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Since China began to open up and reform its economy in 1978, GDP growth has averaged over 9 percent a year, and almost 800 million people have lifted themselves out of poverty. There have also been significant improvements in access to health, education, and other services over the same period.

China is now an upper-middle-income country. Although China has eradicated extreme poverty in 2020, an estimated 17.2 percent of the population lived on less than $6.85 a day (in 2017 PPP terms), the World Bank’s Upper-Middle-Income Country (UMIC) poverty line, in 2023.

China’s strong growth has been based on investment and export-oriented manufacturing, an approach that has largely reached its limits, and has led to economic, social, and environmental imbalances. Reducing these imbalances will require a shift from manufacturing to high value services, from investment to consumption, and from high to low carbon intensity.

In recent years, growth has moderated in the face of structural constraints, including declining labor force growth, diminishing returns to investment, and slowing productivity growth. The challenge going forward is to find new drivers of growth while addressing the social and environmental legacies of China’s previous development path. The role of the state also needs to continue to evolve, focusing on providing a clear, fair, and stable business environment, strengthening the regulatory system and the rule of law to further support the market system, as well as ensuring equitable access to public services to all citizens.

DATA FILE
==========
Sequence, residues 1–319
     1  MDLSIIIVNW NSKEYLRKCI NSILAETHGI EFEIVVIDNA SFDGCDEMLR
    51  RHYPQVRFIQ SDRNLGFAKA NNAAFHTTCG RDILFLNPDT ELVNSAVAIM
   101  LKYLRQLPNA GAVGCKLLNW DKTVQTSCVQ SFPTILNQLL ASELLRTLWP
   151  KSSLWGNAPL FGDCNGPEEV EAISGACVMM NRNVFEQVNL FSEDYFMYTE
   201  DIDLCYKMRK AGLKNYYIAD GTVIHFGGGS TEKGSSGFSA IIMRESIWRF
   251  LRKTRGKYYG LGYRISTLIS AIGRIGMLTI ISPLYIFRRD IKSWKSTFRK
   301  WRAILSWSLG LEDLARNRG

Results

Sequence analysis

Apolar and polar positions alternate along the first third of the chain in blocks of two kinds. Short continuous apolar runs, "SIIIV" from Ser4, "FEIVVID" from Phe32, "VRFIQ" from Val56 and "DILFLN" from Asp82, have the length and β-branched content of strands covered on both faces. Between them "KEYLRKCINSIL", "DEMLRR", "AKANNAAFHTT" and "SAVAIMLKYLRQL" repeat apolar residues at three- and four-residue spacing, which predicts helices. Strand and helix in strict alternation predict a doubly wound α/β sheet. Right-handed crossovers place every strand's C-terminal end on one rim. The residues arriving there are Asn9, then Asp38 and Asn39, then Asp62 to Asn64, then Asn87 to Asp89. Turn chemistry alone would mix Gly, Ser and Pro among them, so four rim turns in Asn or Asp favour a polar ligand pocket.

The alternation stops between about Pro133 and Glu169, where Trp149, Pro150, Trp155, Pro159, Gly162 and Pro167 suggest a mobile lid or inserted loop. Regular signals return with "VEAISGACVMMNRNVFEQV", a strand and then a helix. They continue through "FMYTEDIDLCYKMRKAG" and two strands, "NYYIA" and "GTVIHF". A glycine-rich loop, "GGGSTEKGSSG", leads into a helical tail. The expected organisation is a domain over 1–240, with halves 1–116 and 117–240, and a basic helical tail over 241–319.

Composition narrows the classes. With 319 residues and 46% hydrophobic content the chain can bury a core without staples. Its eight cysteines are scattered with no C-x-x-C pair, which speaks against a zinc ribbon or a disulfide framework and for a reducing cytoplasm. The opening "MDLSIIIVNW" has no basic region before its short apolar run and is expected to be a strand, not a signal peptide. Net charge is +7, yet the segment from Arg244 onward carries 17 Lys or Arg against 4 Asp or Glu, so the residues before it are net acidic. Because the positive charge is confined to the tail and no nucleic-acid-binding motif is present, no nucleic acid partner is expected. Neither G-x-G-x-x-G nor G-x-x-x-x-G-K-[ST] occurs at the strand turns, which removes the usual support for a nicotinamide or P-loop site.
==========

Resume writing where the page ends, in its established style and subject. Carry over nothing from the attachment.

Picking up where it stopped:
Global environmental problems cannot be solved without China’s engagement. Given its size, China is central to many regional and global development issues. Although not the main source of historical cumulative emissions, China today accounts for nearly a third of annual global carbon dioxide and 30 percent of the world’s greenhouse gas emissions – with per capita emissions now surpassing those of the European Union, and on par with the Organisation for Economic Co-operation and Development average – and its air and water pollution affects other countries.  China’s growing economy is also an important source of global demand. Its economic rebalancing will create new opportunities for manufacturing exporters, though it may reduce demand for commodities over the medium-term.

China is a growing influence on other developing economies through trade, investment, and ideas. Many of the complex development challenges that China faces are relevant to other countries, including transitioning to a new growth model, rapid aging, building a cost-effective health system, and promoting a lower-carbon energy path.

Following moderate post-pandemic growth of 5.2 percent in 2023, growth is projected at 4.5 percent in 2024. Domestic demand in China has remained sluggish and contributed to low inflation, while the policy space for stimulus is constrained. Weak business confidence, in part driven by the property market downturn, continues to weigh on growth.

Over the medium term, China’s economy is expected to undergo a structural slowdown. Potential growth has been on a declining trend, reflecting adverse demographics, tepid productivity growth, and rising constraints to a debt-fueled, investment-driven growth model. Structural reforms are needed to reinvigorate the shift to more balanced high-quality growth.

Last updated: April 2024


China: Commitments by Fiscal Year (in millions of dollars)*

*Amounts include IBRD, GEF and IDA commitments
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